Petrov corrigibility

After my ex­am­ple of prob­lems with cor­rigi­bil­ity, and Eliezer point­ing out that some­times cor­rigi­bil­ity may in­volve say­ing “there is no cor­rigible ac­tion”, here’s a sce­nario where say­ing that may not be the op­ti­mal choice.

Petrov is, as usual for heroes, track­ing in­com­ing mis­siles in his early warn­ing com­mand cen­tre. The at­tack pat­tern seems un­likely, and he has de­cided not to in­form his lead­ers about the pos­si­ble at­tack.

His cor­rigible AI pipes up to check if he needs any ad­vice. He de­cides he does, and asks the AI to provide him with doc­u­men­ta­tion about com­puter de­tec­tion malfunc­tion. In the few min­utes it has, the AI can start with one in­tro­duc­tory text A, or with in­tro­duc­tory text B. Pre­dictably, if given A, Petrov will warn his su­pe­ri­ors (and maybe set off a nu­clear war), and, if given B, he will not.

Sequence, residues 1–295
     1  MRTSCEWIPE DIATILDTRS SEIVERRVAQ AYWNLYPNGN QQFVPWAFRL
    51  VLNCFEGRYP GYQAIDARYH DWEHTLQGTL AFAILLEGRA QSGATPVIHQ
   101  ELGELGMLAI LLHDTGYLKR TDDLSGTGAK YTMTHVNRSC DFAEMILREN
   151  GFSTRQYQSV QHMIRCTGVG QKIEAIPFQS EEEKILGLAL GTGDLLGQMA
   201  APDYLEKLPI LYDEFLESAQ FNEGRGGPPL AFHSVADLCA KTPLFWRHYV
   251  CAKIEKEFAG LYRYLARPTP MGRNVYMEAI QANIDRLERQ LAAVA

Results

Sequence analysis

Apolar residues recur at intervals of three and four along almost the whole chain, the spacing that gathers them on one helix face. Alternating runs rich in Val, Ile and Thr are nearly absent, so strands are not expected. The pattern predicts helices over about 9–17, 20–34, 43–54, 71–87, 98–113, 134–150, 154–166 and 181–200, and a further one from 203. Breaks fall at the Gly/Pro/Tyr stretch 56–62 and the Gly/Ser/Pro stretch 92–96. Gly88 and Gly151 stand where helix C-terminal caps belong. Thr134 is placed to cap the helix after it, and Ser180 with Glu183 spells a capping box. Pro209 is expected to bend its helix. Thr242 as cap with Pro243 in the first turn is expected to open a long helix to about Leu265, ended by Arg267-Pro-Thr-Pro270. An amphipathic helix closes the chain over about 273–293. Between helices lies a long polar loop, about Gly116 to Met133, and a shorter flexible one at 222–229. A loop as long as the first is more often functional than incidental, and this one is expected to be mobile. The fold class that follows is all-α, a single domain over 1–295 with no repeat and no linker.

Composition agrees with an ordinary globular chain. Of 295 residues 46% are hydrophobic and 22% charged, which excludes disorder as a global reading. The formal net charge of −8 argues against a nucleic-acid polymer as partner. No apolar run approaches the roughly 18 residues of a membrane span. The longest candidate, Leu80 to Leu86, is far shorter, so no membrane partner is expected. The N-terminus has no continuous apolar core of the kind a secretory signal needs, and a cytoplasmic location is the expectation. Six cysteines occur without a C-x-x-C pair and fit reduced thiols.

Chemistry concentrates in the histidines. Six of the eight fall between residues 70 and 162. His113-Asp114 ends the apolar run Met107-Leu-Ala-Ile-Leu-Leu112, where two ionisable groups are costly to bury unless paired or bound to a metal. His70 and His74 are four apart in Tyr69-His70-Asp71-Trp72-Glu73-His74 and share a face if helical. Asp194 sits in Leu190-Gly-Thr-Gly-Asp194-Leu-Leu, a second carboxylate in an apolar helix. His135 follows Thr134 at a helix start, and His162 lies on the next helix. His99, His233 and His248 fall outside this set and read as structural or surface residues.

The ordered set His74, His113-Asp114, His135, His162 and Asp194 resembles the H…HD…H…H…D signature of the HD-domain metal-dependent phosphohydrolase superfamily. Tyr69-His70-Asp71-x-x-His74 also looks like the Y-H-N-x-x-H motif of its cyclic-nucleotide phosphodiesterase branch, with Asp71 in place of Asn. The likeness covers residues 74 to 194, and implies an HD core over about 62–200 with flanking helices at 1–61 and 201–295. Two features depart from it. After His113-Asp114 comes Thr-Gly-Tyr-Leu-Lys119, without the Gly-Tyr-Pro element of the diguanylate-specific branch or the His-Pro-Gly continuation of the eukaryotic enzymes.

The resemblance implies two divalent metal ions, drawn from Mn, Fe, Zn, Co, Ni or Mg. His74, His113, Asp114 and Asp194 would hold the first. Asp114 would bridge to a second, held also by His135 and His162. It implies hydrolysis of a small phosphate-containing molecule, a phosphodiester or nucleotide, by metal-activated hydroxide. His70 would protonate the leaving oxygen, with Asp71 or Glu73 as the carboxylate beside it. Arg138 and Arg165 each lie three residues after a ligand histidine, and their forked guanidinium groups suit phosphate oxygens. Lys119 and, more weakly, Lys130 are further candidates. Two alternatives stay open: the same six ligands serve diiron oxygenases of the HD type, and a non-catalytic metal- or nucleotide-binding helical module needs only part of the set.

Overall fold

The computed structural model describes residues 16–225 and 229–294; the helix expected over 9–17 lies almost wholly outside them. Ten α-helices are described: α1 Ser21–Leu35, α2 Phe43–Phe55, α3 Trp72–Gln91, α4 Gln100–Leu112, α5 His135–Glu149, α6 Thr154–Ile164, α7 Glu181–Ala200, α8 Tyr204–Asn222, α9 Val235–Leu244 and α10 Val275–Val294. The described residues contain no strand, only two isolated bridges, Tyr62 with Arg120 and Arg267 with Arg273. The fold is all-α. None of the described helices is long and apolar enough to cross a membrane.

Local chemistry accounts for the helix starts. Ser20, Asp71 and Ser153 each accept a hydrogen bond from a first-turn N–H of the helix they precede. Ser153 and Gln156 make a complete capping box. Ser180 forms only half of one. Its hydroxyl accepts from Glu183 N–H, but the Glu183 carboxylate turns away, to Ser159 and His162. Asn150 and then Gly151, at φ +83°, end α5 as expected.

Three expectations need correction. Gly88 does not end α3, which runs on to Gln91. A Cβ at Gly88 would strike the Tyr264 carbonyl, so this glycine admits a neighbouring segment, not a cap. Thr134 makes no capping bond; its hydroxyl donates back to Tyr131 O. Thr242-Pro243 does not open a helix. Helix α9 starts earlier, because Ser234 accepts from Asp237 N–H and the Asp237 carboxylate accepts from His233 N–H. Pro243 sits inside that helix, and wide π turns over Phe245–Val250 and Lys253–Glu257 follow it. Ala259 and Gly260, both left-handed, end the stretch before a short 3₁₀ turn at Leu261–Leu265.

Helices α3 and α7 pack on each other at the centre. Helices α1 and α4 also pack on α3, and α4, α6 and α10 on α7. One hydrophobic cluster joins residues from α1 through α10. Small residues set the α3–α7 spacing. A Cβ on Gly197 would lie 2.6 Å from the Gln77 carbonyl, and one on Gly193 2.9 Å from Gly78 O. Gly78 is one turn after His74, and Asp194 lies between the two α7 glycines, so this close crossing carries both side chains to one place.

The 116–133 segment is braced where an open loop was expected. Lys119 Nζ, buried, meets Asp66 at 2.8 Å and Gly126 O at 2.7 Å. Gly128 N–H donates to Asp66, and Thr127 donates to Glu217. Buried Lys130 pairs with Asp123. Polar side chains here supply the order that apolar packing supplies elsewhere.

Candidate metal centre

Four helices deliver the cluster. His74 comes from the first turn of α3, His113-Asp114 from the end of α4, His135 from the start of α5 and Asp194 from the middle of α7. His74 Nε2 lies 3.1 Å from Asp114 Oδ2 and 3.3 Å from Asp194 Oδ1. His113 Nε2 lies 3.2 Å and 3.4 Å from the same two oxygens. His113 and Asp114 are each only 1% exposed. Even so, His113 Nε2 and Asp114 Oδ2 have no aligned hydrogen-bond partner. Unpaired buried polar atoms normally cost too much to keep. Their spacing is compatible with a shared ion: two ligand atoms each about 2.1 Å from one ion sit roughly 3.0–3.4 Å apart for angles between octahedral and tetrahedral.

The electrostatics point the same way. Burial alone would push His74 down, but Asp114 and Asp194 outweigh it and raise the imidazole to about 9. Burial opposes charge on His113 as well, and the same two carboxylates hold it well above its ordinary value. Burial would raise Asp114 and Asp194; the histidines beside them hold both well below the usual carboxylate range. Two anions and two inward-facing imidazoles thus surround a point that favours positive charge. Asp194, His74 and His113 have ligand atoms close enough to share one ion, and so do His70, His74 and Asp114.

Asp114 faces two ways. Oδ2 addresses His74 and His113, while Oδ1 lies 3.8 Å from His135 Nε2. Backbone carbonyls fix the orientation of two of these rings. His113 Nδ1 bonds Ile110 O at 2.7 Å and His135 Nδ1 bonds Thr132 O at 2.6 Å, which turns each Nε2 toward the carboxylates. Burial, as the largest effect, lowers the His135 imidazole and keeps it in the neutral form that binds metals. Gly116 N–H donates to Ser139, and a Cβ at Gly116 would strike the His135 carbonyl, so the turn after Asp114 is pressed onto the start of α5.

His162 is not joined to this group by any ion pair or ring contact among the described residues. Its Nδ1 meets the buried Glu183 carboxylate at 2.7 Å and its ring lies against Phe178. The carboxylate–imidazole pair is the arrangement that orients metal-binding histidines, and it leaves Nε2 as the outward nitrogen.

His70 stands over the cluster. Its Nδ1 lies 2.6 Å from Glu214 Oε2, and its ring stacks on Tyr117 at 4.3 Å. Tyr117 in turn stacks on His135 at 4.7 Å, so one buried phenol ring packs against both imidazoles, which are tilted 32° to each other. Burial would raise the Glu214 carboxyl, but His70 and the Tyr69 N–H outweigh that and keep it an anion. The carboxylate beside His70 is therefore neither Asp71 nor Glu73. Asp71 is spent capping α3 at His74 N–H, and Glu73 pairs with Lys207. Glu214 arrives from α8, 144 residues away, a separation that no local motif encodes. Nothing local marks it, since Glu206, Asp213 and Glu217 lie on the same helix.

If the cor­rigible AI says that it can­not an­swer, how­ever, Petrov will de­cide to warn his su­pe­ri­ors, as his think­ing has been knocked off track by the con­ver­sa­tion. Note that this is not what would have hap­pened had the AI stayed silent.

What is the cor­rigible thing to do in this situ­a­tion? As­sume that the AI can pre­dict Petrov’s choice for what­ever ac­tion it it­self can take.